Fuller Seminary campus hosts three-day conference on medical missions and ministry
How does one witness to the Christian faith when engaging in healthcare ministry? “By living lives and doing ministry that provokes questions to which the gospel is the answer,” said Bryant Myers, Fuller professor of transformational development, in a talk given at the 2009 West Coast Healthcare Missions and Ministry Conference held September 17 to 19 on Fuller’s Pasadena campus.
Dr. Myers and Provost Sherwood Lingenfelter were two Fuller faculty members who spoke in plenary sessions at the conference, held annually to equip and connect those interested in the healing ministries, from medical professionals to mission pastors.
In Myers’s talk, “The Whole Gospel: Health and Healing as Christian Witness,” he stressed that we are witnessing all the time, with our whole lives—and that those we are helping will notice where our focus lies. “Whatever you are perceived to put at the center of your medical program, that is what you are witnessing to,” he said. Is the credit going to God, or to the medical technology we are using?
“When healing happens, there needs to be an explanation” of why we are doing what we do, he said, and we can better communicate that explanation when we are nurturing our own spiritual lives. “As activists, we tend to jump over the ‘being’ to ‘doing,’ and this is dangerous to spiritual health,” he noted.
Those who serve in medical missions, he continued, must get beyond a Western emphasis on the physical and scientific to understand and overcome the deeply rooted primal worldview—a belief in demons, spirits, and other unseen forces—held by much of the world. “We have a challenge to show how we do what we do without reinforcing the primal worldview,” he said. “Are we explaining the miracles of our medical healing with God as part of the explanation?”
Dr. Lingenfelter, in his talk on “Misplaced Priorities in Mission,” discussed lessons we can draw from one missionary’s experience establishing a food coop in Papua New Guinea. The coop ran very well while he was on site and in charge, but three months after he turned it over to local management, the project collapsed. This was because, said Lingenfelter, the local community “defaulted back to cultural patterns that were part of who they were. We all default to our own cultural patterns—what we know; what we’ve done before.”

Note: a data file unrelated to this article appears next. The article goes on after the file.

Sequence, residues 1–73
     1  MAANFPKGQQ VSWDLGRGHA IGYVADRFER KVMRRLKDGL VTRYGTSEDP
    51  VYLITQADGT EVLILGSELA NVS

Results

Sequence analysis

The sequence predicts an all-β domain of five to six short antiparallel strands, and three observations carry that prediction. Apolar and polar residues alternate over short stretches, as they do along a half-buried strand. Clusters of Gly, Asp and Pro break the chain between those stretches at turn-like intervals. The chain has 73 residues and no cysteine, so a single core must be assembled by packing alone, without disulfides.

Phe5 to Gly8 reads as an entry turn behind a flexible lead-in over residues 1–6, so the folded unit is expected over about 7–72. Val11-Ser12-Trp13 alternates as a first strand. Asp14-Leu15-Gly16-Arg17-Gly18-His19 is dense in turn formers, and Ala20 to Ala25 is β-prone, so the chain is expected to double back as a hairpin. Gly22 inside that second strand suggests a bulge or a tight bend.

To address this challenge on either the mission field or in a medical clinic, “you need to intentionally incorporate discipleship training into your work,” Lingenfelter said. Training must go beyond technical skills to focus on what it means to be a “covenant community” that acts on Christian principles rather than defaulting to cultural patterns.
“How do we address conflict as Christians? How do we address failure? How do we work together when we don’t agree?” These are the kinds of questions we must work through, he said, in cultivating “covenant community medicine.” But this is not easy, he said, and suggested that roleplay exercises must be part of such training. “It requires creativity, thinking deeply, and asking for God’s help,” he said.
Five other plenary presentations were given in the course of the conference, including one by Fuller alumna Ana Wong-McDonald (PhD ’99) on “Spirituality Recovery: Using Spiritual Interventions in the Process of Transforming Persons in Christ.” Numerous workshops were also offered over the three days on a wide range of healthcare topics.